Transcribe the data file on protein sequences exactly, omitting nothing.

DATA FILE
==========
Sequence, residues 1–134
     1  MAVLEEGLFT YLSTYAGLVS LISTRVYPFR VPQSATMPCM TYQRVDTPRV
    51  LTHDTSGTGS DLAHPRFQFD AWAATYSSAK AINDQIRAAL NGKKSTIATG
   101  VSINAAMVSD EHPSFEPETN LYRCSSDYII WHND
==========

Sequence, residues 1–134
     1  MAVLEEGLFT YLSTYAGLVS LISTRVYPFR VPQSATMPCM TYQRVDTPRV
    51  LTHDTSGTGS DLAHPRFQFD AWAATYSSAK AINDQIRAAL NGKKSTIATG
   101  VSINAAMVSD EHPSFEPETN LYRCSSDYII WHND